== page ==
After that, Venerable Devadatta told him that he would be able to rule without any risk of losing the throne only if his father was no longer alive. Prince Ajatasattu was impressed with this suggestion. But he did nor wish to kill his father straightway. So he caused his father to be cast in prison. At first, the Princes mother, the Queen was permitted to visit the King in person and he could lake his meals. But, finally, the Queen was not permitted to visit the King any more, and the King kept himself fit by walking up and down inside the prison. Ajatasattu, however, ordered that the soles of the King’s feet be cut open with a knife so that he could not walk.

    THE ILLUSTRATED HISTORY OF BUDDHISM
    by ASHIN JANAKA BHIVAMSA (Aggamahapandita)
    Artist: U Ba Kyi | Link to this post

  5. You can’t always cure

    Comment

    You can’t always cure, but you can always care. ~Ajahn Brahm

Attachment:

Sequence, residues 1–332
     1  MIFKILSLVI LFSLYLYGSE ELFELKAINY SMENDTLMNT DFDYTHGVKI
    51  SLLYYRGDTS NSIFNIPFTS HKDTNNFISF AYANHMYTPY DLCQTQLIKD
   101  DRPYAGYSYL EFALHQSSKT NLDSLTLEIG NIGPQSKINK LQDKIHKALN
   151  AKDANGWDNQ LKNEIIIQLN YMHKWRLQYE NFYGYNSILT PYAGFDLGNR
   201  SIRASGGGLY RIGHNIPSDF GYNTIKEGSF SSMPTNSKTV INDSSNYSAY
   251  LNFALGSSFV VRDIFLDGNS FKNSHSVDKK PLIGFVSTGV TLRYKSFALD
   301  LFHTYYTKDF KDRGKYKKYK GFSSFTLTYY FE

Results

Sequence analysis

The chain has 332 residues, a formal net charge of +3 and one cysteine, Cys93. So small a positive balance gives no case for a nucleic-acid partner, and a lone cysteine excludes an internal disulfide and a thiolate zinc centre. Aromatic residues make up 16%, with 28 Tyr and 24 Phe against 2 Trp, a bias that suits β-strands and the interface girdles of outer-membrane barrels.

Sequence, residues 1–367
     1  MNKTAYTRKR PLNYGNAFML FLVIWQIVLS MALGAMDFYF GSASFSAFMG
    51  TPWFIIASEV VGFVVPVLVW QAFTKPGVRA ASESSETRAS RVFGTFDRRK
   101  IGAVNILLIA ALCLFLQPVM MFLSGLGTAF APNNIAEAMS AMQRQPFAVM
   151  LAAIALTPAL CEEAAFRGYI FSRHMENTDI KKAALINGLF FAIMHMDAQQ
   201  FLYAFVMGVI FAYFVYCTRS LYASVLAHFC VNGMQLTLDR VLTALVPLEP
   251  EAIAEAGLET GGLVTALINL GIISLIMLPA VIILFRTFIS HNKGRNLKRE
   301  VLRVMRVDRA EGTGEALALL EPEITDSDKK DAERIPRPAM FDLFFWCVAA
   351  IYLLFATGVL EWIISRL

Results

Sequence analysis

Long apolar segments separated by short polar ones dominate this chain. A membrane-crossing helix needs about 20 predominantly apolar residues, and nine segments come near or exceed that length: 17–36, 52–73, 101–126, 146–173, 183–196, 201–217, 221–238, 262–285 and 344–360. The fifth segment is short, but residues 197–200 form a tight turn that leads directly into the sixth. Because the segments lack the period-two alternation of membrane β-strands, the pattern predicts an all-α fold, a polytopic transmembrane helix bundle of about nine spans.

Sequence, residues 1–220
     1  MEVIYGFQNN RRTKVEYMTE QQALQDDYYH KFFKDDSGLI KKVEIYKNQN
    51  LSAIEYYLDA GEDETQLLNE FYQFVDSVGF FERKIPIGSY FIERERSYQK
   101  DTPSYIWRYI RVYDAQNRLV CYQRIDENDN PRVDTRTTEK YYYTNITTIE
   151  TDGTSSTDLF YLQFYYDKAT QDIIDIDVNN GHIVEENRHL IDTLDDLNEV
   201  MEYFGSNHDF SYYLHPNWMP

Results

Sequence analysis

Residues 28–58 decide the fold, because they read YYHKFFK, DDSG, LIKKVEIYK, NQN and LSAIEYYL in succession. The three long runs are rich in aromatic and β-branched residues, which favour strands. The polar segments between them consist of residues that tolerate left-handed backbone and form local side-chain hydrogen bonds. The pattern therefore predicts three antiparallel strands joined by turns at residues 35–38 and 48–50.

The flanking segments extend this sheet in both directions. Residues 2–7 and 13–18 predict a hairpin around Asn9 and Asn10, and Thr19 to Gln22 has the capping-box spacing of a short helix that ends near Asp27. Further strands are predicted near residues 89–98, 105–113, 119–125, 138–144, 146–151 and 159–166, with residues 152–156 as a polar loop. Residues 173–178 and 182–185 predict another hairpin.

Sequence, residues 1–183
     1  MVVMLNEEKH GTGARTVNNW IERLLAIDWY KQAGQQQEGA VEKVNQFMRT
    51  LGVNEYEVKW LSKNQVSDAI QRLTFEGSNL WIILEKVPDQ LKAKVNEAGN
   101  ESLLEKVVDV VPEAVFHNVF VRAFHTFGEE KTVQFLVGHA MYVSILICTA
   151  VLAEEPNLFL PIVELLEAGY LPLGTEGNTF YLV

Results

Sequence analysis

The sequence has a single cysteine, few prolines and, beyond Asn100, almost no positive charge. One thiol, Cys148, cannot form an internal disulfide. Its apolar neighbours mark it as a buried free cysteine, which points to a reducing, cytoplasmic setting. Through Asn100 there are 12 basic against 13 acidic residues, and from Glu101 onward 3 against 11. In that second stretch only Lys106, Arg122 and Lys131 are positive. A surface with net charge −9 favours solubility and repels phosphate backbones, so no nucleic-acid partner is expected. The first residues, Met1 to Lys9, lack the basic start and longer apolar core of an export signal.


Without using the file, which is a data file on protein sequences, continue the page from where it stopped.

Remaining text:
You can't always cure, but you can always care-Ajahn Brahm

  6. Grant yourself a moment of peace

    Comment

    beautiful-water-flowing-brook-over-stone

    Grant yourself a moment of peace,
    and you will understand
    how foolishly you have scurried about.
    Learn to be silent,
    and you will notice that
    you have talked too much.
    Be kind,
    and you will realize that
    your judgment of others was too severe.

    ~The Tao of Wealth

     

  7. Devadatta’s plan to get more alms by winning over Ajatasattu

    Comment
    Devadatta's plan to get more alms by winning over Ajatasattu

    Devadatta’s plan to get more alms by winning over Ajatasattu

    46. Devadatta’s plan to get more alms by winning over Ajatasattu